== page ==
PROPER LADIES. The teams traveled from city to city in the upper Midwest, playing a heavy schedule, and the players were required to be ladylike on and off the field. The veterans here are concerned that the movie, where Madonna plays a fictional character nicknamed "All-the-way" Mae and there are scenes of players drinking beer, will portray them as a gang of "floozies," as they put it. In fact, they were carefully chaperoned, and spring training included attendance at a charm school. There was no sexual dalliance, no rough language -- and no drinking. "We were no rowdy bunch," says Zipay.

The day before filming starts, I have a meeting with the film's publicist, Stuart Fink, who suggests we meet at his location office in the Village Library and go somewhere for coffee. On the way to the library, I dropped by the only place in town with an espresso machine, but it had wheezed out its last doppio in July, and the bistro's owner hadn't replaced it. That doesn't matter for the moment, as Fink wants to head over to the field to watch the league veterans work out. A day later, though, he does ask if I know where he can get a decaf cappuccino. Now, we Cooperstonians are hardly a bunch of apple-knockers, but Otsego County ain't exactly Rodeo Drive, either. It dawns on me that Hollywood does a pretty good job of lampooning itself, and the real movie here is taking place off camera.

While watching former Rockford Peaches slugger Dottie Ferguson Key swinging again and again in a staged at-bat, I meet Producer Elliot Abbott. A lifelong Cubs fan, he's clearly having a ball. I noticed, at the end of the first day's filming, that he got out on the field with someone from the crew and played catch. "They had to throw us off the diamond," he says. When scenes depicting the AAGPBL's 1943 tryouts in Chicago were filmed in July, Abbott, who hadn't played baseball in 20 years, started to get his arm back in Wrigley Field, realizing a childhood dream. He loves Doubleday Field and wants to know what else it's used for. I list several things, including the annual Hall of Fame game, and tell him a story about a team of well-equipped Japanese amateurs who made a pilgrimage here last year and split a doubleheader with a pickup team of locals. Between the games, one of the Japanese was married on the pitcher's mound. Then, he and his bride ran the bases. When Abbott leaves me, I say to Stuart Fink: "Tell him he has just met one of the four writers in America who isn't writing a screenplay." Fink replies: "You should have pitched that story about the Japanese team to him." An hour later, Fink comes over and tells me my anecdote sparked a "creative moment." Could I, he asks, find him a couple of Japanese executives to play camera-toting tourists at the upcoming Hall of Fame scenes? I tell him I'll try. I love Cooperstown, and I don't want anyone to go back to the Coast and complain over lunch at Spago that our village can't come up with a brace of Japanese extras on short notice. In the clear light of the next day, though, the film people have scrapped the idea.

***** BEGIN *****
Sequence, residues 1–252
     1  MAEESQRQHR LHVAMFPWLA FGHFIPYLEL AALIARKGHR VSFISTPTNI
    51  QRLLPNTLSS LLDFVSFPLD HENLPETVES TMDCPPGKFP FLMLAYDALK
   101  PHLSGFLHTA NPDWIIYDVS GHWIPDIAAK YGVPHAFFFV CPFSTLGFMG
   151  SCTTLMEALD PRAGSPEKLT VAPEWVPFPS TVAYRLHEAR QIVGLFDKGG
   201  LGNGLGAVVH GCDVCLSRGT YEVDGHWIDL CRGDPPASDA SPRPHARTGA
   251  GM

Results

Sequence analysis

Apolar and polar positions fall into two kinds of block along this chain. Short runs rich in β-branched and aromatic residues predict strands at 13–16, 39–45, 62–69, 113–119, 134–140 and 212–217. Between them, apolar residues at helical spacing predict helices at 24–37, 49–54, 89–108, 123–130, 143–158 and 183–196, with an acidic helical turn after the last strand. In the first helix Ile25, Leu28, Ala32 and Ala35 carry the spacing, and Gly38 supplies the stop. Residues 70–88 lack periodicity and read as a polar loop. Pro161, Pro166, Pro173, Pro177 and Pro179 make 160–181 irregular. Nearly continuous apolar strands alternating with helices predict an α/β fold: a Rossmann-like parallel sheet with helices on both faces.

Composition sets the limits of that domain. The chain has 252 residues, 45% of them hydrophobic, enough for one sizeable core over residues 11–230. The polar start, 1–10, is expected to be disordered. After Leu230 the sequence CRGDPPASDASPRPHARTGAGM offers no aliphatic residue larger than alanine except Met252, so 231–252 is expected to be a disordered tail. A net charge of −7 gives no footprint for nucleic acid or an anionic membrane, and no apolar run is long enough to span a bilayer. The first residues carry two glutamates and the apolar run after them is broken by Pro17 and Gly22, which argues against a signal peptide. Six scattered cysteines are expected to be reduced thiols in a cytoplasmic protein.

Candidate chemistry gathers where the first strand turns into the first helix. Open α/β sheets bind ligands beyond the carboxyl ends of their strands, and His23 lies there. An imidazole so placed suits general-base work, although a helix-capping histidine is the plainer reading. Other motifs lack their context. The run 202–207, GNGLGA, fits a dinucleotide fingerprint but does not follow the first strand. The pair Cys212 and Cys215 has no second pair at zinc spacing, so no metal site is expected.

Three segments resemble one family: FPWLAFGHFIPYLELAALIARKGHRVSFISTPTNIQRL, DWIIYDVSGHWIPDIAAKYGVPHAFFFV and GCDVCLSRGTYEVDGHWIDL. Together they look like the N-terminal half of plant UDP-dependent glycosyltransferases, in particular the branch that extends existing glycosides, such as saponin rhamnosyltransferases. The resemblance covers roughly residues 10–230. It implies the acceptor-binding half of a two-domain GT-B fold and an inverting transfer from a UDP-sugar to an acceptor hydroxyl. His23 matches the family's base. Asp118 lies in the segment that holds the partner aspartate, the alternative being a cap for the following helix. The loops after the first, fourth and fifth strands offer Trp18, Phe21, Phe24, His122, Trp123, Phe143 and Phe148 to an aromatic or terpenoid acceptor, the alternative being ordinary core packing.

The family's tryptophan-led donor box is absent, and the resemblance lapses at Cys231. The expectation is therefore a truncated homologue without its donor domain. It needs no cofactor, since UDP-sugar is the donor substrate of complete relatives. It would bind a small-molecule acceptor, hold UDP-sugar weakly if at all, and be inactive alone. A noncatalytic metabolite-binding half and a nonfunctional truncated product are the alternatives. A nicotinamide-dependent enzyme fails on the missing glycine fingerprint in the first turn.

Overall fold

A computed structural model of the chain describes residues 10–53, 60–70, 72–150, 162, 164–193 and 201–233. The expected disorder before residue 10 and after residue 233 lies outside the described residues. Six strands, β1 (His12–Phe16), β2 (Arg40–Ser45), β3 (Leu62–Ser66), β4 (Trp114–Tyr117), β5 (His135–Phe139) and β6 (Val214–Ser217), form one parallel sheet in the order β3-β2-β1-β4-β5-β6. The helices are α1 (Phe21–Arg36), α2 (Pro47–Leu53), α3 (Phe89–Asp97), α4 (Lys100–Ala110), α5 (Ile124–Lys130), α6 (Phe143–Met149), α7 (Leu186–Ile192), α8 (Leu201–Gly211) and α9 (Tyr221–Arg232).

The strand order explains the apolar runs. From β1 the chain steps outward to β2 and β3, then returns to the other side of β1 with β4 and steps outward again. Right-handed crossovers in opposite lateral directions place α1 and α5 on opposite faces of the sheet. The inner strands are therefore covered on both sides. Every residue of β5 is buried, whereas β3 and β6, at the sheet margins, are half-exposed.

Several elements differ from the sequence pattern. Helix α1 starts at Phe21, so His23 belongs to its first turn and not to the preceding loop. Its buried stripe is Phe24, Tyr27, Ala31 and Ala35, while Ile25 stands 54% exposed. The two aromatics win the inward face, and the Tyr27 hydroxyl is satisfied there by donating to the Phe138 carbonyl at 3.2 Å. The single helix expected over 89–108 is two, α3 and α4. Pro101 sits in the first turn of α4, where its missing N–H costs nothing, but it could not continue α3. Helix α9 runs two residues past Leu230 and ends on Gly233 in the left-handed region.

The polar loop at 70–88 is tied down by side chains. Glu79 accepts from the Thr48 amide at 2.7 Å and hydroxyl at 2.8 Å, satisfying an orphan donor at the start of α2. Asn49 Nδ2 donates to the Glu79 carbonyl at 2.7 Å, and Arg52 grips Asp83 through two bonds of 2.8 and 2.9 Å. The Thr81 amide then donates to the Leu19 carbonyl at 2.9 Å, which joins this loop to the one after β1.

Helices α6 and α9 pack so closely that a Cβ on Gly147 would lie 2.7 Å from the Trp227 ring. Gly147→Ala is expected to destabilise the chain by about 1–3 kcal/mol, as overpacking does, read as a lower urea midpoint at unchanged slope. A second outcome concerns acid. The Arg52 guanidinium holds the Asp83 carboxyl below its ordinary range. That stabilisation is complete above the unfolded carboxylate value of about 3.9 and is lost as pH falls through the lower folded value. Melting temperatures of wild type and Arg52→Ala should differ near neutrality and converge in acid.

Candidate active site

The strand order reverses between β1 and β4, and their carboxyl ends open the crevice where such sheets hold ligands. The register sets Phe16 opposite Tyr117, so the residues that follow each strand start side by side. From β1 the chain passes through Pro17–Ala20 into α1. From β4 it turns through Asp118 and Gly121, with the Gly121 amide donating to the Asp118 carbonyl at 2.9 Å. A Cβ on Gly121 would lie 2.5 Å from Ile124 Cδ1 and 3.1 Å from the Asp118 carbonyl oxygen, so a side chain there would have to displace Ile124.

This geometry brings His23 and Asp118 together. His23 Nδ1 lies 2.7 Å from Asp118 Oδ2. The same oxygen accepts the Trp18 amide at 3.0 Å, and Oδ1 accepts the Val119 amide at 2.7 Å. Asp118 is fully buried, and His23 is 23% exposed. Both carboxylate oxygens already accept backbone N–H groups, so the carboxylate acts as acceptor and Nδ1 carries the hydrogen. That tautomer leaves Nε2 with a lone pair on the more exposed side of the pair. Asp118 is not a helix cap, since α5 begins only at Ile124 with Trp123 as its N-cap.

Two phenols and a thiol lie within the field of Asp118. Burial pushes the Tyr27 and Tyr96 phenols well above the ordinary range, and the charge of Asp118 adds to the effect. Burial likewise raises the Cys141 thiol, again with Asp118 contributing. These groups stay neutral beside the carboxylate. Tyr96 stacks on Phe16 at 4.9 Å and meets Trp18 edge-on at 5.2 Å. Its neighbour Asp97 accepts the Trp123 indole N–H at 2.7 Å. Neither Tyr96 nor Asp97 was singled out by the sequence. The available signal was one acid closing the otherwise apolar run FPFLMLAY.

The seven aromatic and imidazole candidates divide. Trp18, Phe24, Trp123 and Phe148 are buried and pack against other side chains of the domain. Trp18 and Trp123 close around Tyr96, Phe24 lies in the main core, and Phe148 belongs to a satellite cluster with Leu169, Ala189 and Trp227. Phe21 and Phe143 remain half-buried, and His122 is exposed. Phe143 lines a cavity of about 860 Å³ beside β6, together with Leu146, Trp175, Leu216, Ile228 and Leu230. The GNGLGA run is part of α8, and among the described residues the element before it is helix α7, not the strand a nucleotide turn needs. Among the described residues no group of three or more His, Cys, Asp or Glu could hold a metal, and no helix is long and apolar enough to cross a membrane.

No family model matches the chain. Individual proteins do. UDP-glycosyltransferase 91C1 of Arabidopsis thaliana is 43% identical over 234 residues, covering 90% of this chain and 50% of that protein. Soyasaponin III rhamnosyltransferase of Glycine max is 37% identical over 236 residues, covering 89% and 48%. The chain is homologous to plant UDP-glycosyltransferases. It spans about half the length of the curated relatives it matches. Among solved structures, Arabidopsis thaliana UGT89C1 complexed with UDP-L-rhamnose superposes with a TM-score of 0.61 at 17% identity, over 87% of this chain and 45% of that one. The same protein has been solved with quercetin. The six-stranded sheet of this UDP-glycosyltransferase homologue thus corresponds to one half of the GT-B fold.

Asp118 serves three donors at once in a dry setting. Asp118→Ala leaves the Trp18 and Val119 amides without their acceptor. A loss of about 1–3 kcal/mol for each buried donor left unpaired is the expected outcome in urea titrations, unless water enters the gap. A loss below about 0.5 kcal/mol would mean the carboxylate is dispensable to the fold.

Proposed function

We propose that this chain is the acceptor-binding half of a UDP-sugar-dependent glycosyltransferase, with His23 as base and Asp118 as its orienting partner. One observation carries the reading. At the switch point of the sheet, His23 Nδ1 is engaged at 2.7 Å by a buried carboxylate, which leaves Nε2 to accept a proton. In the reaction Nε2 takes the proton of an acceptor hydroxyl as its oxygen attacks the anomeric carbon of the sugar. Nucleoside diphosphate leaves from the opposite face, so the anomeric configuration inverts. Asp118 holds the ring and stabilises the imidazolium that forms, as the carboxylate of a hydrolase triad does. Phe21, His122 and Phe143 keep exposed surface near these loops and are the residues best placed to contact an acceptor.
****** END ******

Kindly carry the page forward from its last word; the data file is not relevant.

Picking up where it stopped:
BOOK DEAL? But all is not lost with my newfound Hollywood contacts: Fink later tells me that Columbia would have no problem if I wrote a book about the league's history in time for the movie's June, 1992, release. And he urges me to undertake the project. "Bantam could get it out in two months," he says. "Let's put Madonna on the cover, and they can do it in one," I joke.

It's too bad all this has to end. Finally, the outdoor scenes are over, however. The crew is dismantling the lights. Elliot Abbott is pitching easily from the mound to a crew member at home plate. And Jim Dean is moving up the steep bank of Willow Brook and jumping the short span of wood fence that separates Doubleday Field from his shop.CARL DESENS; Desens has lived in Cooperstown for four years and commutes to the BUSINESS WEEK copy desk in Manhattan.